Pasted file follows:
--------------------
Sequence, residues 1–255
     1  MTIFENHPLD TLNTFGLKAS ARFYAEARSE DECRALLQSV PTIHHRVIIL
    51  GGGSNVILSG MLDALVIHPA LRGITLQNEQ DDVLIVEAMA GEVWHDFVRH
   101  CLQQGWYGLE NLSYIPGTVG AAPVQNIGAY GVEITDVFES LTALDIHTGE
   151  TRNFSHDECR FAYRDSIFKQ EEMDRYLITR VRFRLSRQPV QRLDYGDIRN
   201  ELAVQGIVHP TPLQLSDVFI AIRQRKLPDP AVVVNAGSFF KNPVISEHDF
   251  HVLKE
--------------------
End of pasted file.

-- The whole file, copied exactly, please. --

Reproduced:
Sequence, residues 1–255
     1  MTIFENHPLD TLNTFGLKAS ARFYAEARSE DECRALLQSV PTIHHRVIIL
    51  GGGSNVILSG MLDALVIHPA LRGITLQNEQ DDVLIVEAMA GEVWHDFVRH
   101  CLQQGWYGLE NLSYIPGTVG AAPVQNIGAY GVEITDVFES LTALDIHTGE
   151  TRNFSHDECR FAYRDSIFKQ EEMDRYLITR VRFRLSRQPV QRLDYGDIRN
   201  ELAVQGIVHP TPLQLSDVFI AIRQRKLPDP AVVVNAGSFF KNPVISEHDF
   251  HVLKE